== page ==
- We’ll be asking questions and generating relevant discussion on social media, principally on our Facebook page, but also on Twitter and Instagram. If you have any questions you’d like us to ask then please send a message via any of these platforms and if we can’t answer it ourselves, then we can ask the community without you needing to identify yourself.
- We will be sharing information and resources on Severe M.E. that can be helpful for patients and carers who want to learn more about the specific challenges such disability can bring. You can also read our booklet, Severe ME – Helping you cope, which is available in the website shop to download.
- And, while not specifically about Severe M.E., Dr Charles Shepherd will be joining the disability charity Scope, to lead an online discussion on Tuesday to help raise awareness most specifically about what is and is not M.E. You can join in and ask questions or follow the conversation by visiting the Scope website. Dr Shepherd will be available from 10.30-11.30am but you can leave questions at any time.
It’s no secret that M.E. can fluctuate over the course of the illness in terms of symptoms and severity.
It can also stabilise at certain levels, demonstrate signs of improvement or for some it can progressively get worse.
It may be that you’re living with Severe M.E. at the moment or caring for someone with Severe or Very Severe M.E. or that you’ve experienced periods of being severely affected in the past, and only now feel that you have a voice.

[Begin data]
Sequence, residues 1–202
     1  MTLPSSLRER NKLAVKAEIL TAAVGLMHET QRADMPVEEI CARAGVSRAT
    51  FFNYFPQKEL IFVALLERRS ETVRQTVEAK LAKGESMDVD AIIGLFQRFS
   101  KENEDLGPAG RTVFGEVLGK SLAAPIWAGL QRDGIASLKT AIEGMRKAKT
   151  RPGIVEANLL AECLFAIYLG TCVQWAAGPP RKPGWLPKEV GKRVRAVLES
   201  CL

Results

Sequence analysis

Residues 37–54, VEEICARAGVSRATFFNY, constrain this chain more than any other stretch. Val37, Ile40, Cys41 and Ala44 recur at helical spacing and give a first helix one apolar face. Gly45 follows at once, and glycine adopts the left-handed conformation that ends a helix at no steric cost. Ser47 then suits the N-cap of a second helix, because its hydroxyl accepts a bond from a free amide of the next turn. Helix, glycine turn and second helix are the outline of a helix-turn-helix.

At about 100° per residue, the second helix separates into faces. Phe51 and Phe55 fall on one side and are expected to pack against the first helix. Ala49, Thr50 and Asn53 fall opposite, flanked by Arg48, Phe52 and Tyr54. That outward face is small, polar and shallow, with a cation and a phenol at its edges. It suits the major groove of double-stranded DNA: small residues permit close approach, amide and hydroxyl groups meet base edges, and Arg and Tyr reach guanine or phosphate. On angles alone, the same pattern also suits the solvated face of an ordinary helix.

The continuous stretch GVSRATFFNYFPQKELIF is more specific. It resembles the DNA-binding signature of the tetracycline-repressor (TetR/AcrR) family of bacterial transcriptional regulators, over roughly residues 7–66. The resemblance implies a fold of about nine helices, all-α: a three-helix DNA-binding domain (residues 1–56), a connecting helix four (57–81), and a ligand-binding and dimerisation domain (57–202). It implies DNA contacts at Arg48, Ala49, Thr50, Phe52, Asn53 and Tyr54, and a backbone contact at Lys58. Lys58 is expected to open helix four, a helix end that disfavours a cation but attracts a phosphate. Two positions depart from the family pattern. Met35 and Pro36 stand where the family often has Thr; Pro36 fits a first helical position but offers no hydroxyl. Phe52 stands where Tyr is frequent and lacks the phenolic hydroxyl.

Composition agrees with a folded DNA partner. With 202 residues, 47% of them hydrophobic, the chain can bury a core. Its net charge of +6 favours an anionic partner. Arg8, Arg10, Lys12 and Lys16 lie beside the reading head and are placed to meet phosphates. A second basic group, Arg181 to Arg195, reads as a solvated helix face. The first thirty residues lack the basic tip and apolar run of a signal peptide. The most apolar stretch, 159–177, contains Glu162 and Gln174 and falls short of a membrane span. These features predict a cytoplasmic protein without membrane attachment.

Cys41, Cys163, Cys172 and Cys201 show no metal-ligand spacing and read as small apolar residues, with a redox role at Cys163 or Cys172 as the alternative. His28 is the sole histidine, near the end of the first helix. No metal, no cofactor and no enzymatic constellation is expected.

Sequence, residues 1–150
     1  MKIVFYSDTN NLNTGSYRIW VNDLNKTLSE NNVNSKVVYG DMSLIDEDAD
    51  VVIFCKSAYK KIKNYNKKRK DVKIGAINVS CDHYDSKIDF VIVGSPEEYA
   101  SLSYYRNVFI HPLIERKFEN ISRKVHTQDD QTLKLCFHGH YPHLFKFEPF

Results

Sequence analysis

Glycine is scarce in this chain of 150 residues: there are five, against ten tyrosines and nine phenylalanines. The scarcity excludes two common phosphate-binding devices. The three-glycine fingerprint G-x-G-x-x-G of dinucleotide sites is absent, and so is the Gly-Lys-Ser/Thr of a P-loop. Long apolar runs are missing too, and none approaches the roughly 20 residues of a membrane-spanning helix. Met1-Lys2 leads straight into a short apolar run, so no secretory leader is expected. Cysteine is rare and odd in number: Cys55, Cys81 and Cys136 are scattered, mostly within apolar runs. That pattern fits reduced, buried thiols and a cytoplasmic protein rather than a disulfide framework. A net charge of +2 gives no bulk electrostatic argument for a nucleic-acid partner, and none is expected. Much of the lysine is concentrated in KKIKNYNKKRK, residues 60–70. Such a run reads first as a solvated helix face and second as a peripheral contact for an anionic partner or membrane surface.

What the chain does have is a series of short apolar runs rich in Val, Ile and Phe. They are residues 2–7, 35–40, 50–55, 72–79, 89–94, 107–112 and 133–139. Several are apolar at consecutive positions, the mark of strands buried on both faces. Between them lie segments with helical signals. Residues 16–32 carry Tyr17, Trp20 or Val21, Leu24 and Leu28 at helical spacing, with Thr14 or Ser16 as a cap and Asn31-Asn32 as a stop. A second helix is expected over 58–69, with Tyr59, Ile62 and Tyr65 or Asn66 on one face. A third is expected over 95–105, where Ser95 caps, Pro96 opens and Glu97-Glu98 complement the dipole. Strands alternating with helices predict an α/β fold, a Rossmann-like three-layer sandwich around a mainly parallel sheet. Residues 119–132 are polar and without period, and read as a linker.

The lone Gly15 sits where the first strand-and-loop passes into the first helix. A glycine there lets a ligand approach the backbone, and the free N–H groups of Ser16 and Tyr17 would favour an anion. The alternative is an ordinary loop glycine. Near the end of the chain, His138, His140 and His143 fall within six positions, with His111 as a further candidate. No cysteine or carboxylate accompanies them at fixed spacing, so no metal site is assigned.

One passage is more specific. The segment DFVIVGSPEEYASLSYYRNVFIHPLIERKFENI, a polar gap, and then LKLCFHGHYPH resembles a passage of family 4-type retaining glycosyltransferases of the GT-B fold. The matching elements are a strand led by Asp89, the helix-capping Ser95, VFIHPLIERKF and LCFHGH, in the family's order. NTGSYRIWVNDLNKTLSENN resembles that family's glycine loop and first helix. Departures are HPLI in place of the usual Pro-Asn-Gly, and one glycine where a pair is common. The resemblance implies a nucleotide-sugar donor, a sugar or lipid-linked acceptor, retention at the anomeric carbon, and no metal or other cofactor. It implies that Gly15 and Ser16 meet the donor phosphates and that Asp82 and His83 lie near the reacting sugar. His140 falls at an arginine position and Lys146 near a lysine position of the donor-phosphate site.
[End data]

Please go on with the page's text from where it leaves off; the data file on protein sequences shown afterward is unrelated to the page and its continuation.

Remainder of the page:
It may be that you’d simply like to help raise awareness of arguably the most neglected section of our community: one that still has a number of important unmet needs that directly and negatively impact on patients’ quality of life.
Whatever your reasons to get involved this week we will be incredibly grateful for your support and really want to hear what you have to say. So, let’s talk Severe M.E. and help end the ignorance!
When you need to talk
The reality of Severe and Very Severe M.E. and the problems encountered by the disability benefits system are important topics that need to be talked about. But we do appreciate that some people may find what we discuss this week in particular quite distressing.
If you find yourself struggling with any of the issues we raise or simply would like to speak to someone who can help, then please consider contacting:
- ME Connect
The popular ME Association helpline staffed by fully-trained volunteers with experience of M.E. and available 365 days a year. We also offer an email service if you are unable to speak.
- The Samaritans
Available 24 hours a day, 7 days a week.
Health should always comes first, so please do take care of yourself.
Thanks for reading, and here’s to a successful and engaging week of campaigning!
The ME Association
Real People. Real Disease. Real M.E.
We are a national charity working hard to make the UK a better place for people whose lives have been devastated by an often-misunderstood neurological disease.